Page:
bobby wrigley said...

"All of this was politically subversive, which is why the Roman government executed him. Think about it, the Romans didn’t kill people for teaching spiritual principles!"

This is an idea I have espoused before as well. But I have come to question how conscious the Roman government was of Jesus' subversiveness. When I read the gospel accounts of Jesus being condemned to be executed on a cross it seems that what caused the flood waters to burst on that levy was more so the pressure from the Jewish leaders on the Roman Officials. An uproar was in the streets over this Jesus - the Romans, for political reasons, had to deal with it because the Jews were a significant group that couldn't be ignored. In my mind all of the ruckus could have come simply from Jesus' "spiritual teaching" about him being the Messiah and son of God. This doesn't mean, however, that Jesus' message wasn't a radical political subversion, I am just not clear that it was this aspect that caused Jesus to be crucified.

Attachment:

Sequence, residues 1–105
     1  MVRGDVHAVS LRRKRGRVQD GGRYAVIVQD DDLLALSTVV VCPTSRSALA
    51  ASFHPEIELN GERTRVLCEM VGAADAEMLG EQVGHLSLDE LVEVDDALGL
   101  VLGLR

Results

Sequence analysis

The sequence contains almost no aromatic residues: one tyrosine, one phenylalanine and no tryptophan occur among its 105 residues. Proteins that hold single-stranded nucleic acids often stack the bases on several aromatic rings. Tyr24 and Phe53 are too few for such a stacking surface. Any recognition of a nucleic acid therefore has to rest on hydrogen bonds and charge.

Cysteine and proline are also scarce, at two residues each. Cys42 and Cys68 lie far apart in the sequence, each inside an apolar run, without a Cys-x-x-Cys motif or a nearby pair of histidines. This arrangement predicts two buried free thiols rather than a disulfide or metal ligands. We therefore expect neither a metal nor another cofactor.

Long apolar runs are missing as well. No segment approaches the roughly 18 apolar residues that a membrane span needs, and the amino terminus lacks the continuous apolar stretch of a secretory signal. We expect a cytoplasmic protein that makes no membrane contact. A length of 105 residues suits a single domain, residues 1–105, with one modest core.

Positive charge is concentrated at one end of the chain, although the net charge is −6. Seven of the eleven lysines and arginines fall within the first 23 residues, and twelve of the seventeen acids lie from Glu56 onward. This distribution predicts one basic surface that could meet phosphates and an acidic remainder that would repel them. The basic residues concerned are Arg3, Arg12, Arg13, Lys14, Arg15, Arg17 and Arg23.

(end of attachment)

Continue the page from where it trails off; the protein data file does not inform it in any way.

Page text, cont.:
Brian Bither said...

When I said, "this kind of end-times talk makes liberals and conservatives equally uncomfortable," I was alluding to "theological discomfort" - in the sense that the return of Christ doesn't fit well into most Western systematic theologies - not the personal discomfort that arises when one reflects on one's own sinfulness. But I wholeheartedly agree with you that it is good to be uncomfortable in the latter sense. This will be come clear in the next post - which reveals how much I have been influenced by the Orthodox tradition.

Brian Bither said...
This comment has been removed by the author.
Brian Bither said...

I didn't meant to delete that. Here is a re-post.